H.'lmbcld returned yesterday and re
peated his threat. Mr. Osborne, remem
bering the Terris case, summoned a police
officer ar.d had him arrested.
The physicians think him Insane.
has spent much tlm? in London of reccr.t
years, living high when his family sent
him money, and in deepest poverty be
tween remittances.
It Is supposed that the Berlin adven
tures b»> describes are imaginary and it is
said that his father became insane before
his death.
TO CI RES A COI.D I* O*E DAY
Take Laxative Bromo Quinine Tabled.
Druggists refund money If falls to cure
Ssc. Genuine has L. B. Q on each tablet
The Weekly Post-Intelligencer will be
ma ! !ed to any addre«s in the United States
or Canada. 5 cents per copy. Issued today.
Oleo Miawt Colored Plnlc.
St. PAUL Dec. Sl.—Judge Lochren has
decided that -he Minnesota pink law pro
viding that all oleomargarine or butterine
ofered for sal" in this s*ate rrrist be col
of.-d a bright pick, is constitutional.
IS IT A TRIFLE?
That Common Trouble. Acid Dys
pepsia. or Sour Stomowh.
>un lli coknizrtl *■« * ( *n«e of Serl-
ou* l>ls»-a»e.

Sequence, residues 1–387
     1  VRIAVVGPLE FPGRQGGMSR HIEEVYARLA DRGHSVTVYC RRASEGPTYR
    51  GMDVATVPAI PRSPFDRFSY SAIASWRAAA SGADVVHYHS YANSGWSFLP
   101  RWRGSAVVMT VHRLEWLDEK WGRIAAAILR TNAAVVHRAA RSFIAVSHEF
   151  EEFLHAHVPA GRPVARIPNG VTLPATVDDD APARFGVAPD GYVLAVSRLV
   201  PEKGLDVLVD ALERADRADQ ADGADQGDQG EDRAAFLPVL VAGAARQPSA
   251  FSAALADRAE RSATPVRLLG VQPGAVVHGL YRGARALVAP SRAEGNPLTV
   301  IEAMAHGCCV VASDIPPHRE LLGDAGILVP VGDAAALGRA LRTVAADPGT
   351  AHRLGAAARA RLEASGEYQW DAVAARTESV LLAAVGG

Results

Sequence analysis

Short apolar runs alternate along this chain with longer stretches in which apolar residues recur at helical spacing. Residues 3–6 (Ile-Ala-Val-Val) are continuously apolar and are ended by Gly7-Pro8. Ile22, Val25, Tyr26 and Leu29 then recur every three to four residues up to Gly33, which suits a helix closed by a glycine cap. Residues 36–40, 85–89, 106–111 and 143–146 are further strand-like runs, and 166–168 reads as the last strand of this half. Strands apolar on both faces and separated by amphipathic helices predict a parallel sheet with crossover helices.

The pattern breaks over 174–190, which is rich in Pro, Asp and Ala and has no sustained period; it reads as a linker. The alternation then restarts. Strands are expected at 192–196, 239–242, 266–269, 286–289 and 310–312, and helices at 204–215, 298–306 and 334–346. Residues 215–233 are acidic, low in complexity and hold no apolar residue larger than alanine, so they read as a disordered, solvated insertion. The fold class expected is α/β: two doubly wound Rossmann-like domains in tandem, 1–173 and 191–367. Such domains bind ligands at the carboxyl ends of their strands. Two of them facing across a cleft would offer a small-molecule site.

A-id dyspepsia, ccmm rly failed heart
turn or sour stomach. 1»» form of Indiges
tion resulUng from fermentati m of the
food. The stomach be.ng too to
promptly <lU'.«t it. .he f >»d remains unt'l
fermentation begins, l.ilir.g the stomach
with gas. ar.d a fci'ter, s >ur, burr 'rig tast**
Ir. tne moy .i la often prMNNtC Xhll . jn<i -
tlon st-on ehroale and .«?ir.g an
every day occurrence given but little
attention. B. a use dysp(-,.sia is not Im
mediately fata., amy peoph da nothing
fcr the troub e.
Within a period a romedy has
been discovered prepared so.ely to cure
dyspepsia and stomach troubles. It i#
known as i»ti"irt s Dyspepe'.a Tab!"*« and
i* now becrwr.'ng rapidly and pre
scribed as a radical cure for every form
of dyspepsia.
Stuart s Dyspepsia Tatie s have been
p.a.?od tne public and are sold by
InggMt mr] whtre at V) cent* per pack
are Ic is prepared by tne Stuart Co.,
Marshall, l!:<-n.. and while it promptly
and restores a vigorous diges
tive. a: the »a:n» time is pe:fcctly lurir
lees ar.d w. i not injure t.'.« most a'e
stotracn. but < a the contrary by g.vir g
perfect dig«s*;c>n strengthens it.e stoma h,
iaprnti the appetite and c.ik-i life
worth living.
S»nd f r Nvk on ?tomach D'-*eas- s